On-Time Delivery and Efficiency

When a customer hands over a project, they have a set of expectations, and in order to identify those it is vital to have a customer oriented mindset. This mindset and attitude helped us immensely to deliver the project on time.

We often received positive customer feedback as a result of high customer satisfaction; leading to us winning another testing project from the same client. Therefore, as a team we ensure our utmost effort is given to satisfy the customer, by exceeding their expectations and building good relationships.

Author: 

Srikanth Ruban, Senior QA Engineer

i3 Labs is the technology and innovations Lab at Brandix i3

Related Posts

From insights to thought-leadership

View More

Six reasons to embrace food supply chain transparency

F&B manufacturers should not consider supply chain transparency a burden or an invasion of company privacy. When done right, transparency can benefit all stakeholders in the F&B supply chain: manufacturers, logistics, retailers, regulatory bodies, & most importantly, the conscious consumers. Explore why transparency matters and key concepts such as visibility, and traceability, in our latest blog post:

Making the most of your data with Infor-Ephesoft integration

Businesses generate mountains of data throughout the supply chain and at various customer and partner touchpoints. Leveraging these data is one of the critical goals for enterprises driven by innovation and as it helps them be more competitive, productive, and digital.

Finance & Accounting Guide: Enhancing productivity and accelerating processes with IDM Capture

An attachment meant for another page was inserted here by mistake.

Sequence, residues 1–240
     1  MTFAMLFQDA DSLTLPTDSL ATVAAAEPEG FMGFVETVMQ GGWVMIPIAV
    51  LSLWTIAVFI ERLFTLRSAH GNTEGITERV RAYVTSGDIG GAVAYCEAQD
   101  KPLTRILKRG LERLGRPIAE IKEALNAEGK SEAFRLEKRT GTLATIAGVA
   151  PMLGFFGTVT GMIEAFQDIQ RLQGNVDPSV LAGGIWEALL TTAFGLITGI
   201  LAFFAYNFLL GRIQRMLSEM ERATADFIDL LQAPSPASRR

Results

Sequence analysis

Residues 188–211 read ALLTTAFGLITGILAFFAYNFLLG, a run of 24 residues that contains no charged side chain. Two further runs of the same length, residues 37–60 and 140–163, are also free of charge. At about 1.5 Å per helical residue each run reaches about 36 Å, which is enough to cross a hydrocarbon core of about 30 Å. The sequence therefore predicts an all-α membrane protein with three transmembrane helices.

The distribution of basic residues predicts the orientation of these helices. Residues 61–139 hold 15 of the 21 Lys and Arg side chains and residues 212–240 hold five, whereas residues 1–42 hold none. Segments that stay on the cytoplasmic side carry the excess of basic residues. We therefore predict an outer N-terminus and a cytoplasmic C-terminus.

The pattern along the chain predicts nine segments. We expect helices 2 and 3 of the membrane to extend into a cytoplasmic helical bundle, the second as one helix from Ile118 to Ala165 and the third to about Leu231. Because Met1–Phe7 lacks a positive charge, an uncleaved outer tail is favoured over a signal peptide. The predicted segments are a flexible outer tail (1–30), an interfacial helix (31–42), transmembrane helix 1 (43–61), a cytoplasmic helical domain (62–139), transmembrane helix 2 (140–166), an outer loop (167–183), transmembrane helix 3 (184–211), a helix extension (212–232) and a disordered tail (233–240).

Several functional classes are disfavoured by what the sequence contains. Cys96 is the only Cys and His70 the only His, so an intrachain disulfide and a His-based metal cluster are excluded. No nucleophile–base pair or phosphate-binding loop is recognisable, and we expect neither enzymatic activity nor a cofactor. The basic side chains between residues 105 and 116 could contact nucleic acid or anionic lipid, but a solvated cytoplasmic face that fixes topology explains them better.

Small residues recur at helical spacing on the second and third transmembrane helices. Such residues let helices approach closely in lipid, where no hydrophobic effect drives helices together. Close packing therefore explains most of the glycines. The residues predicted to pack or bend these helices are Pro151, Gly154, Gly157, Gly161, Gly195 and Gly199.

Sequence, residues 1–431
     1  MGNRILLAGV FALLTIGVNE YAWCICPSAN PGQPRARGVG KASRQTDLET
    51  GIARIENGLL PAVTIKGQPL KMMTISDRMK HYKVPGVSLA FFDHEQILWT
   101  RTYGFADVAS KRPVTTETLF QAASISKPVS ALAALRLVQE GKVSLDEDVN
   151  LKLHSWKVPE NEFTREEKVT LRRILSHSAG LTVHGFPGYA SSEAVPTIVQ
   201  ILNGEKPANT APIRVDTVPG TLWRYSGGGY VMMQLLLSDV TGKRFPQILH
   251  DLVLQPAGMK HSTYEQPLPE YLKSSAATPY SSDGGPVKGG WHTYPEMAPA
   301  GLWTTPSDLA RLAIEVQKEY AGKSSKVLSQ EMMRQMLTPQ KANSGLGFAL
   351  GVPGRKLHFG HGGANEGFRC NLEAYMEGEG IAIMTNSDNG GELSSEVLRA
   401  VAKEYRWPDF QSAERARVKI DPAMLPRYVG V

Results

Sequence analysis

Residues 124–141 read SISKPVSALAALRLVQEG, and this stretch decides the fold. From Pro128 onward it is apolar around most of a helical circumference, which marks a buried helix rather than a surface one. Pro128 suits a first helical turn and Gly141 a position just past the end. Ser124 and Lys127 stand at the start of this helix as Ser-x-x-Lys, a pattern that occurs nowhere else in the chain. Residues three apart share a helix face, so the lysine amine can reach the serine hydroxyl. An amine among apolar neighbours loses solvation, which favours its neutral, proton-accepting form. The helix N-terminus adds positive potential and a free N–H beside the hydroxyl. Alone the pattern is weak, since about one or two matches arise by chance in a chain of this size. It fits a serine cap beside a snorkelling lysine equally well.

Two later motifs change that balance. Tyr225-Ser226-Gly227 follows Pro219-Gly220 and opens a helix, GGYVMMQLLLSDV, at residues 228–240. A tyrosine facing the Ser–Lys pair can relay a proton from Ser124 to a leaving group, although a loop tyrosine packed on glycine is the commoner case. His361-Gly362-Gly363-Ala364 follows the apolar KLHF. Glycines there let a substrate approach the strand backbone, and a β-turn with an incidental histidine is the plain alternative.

The finance and accounting departments and processes are among the most critical and essential functions of a business. However, multiple studies indicate that about 50% of organizations are still wrangling their data manually.

6 ways how Ephesoft accelerates data entry to your Infor solution

Our latest blog post covers six reasons why enterprises should implement IDM Capture, an add-on developed by Ephesoft and Infor that leverages ML, AI, OCR, and ICR to capture, process, classify, extract, and validate data from multiple sources.

Post-pandemic fashion manufacturing: Essential technology for the manufacturer

In my previous blog series I discussed how fashion companies could adapt to meet the challenges of the new normal. For the most part, I focused on brands, but the same principles apply to fashion manufacturing. In this blog post, let’s focus on how manufacturers can adapt to the new normal by achieving visibility and collaboration with the right software.

Post-pandemic fashion manufacturing: Bridging the East-West divide

Twenty years ago, I started my career at an Asian apparel manufacturer. Tech-packs would come in from big brands from the US and Europe. We would gather in meeting rooms late into the night, deciphering the documents and pulling together a sample as best we could. If the sample was approved, we would confirm delivery dates to the brand six months in advance.